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You win some and lose some. When at first you don't succeed: try... try... try... try and try again.

 

How to Provide Emergency and Supportive Care        

Maintaining a Healthy Flock

Chicken Injuries & Diseases

Poop Chart 

Emergency Helpful References & Links

Reply
post #7 of 7

Maybe you could buy wine barrels to set your feed bins in ... those can be pretty cute. Line them with a plastic garbage can or feed-grade plastic barrel liner bags. Just make sure they can be sealed properly to keep the rodents out, and also the lids should be easy to manage with one hand or you'll find yourself not replacing them.

 

Or, if you like a slightly more industrial look, galvanized metal garbage cans are pretty cute ... also line them with a plastic garbage can. I've read that the metal bins can sweat inside, which spoils the food, so that's why you'd need to put a plastic bin inside. Likewise, determined rodents can chew through plastic/rubber bins ... so the bin-within-the-bin idea has some utility.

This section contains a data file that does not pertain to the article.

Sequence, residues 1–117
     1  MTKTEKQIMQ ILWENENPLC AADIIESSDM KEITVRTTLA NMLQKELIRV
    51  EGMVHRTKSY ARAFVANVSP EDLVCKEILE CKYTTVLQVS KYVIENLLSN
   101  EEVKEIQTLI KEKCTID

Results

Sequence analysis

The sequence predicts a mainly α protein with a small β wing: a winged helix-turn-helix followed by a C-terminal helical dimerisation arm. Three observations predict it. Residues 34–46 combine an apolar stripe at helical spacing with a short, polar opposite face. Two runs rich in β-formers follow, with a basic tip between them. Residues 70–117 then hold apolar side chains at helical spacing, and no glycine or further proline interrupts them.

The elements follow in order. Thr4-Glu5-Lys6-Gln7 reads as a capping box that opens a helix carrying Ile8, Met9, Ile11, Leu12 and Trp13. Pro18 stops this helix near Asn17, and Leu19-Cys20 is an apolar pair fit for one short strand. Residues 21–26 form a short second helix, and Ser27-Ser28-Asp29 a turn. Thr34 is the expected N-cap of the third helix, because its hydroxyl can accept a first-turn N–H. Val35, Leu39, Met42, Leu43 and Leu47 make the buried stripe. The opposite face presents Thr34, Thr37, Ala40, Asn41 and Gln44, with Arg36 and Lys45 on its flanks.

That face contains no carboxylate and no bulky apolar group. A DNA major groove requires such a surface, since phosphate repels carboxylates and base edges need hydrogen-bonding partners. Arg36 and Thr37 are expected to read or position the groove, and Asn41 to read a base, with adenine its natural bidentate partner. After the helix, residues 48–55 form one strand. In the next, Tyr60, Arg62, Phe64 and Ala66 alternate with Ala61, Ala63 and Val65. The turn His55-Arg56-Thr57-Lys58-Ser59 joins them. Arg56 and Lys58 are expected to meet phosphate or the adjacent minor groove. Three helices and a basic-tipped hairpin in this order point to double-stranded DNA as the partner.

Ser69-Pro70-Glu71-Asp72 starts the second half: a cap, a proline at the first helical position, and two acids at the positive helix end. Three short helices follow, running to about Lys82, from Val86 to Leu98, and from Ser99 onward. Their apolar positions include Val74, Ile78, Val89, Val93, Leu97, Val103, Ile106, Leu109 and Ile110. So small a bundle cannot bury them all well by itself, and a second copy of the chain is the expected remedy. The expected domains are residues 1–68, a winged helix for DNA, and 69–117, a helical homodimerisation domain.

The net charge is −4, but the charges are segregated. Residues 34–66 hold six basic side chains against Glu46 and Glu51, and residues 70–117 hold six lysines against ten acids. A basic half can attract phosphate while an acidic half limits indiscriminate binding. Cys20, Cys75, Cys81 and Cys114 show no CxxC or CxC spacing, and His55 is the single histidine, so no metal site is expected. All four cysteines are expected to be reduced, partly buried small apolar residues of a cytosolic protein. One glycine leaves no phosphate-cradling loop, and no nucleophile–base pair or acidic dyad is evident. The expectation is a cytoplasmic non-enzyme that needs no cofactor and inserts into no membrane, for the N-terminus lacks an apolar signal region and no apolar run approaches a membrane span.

There are a lot of "cute" garbage can hiders ... any of those can be used to disguise your feed bins. 

 

I have found industrial feeders to be disappointing, but also if I change feed sometimes I have to change feeders. Right now, we're using a combination of hanging metal feeders and troughs we made here from PVC pipe that we set in cement blocks ... not the cutest, but are easy to manage and the chickens don't waste feed from this setup. I'd expect any feeder could be painted or decorated to match the rest of your aesthetic.

 

For waterers, I installed an automatic watering system with little red bowl founts ... they don't take up much visual space.

Keeper of free-ranging mutts and a restoration line of project Delawares. I do not ship eggs or chicks. 
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Keeper of free-ranging mutts and a restoration line of project Delawares. I do not ship eggs or chicks.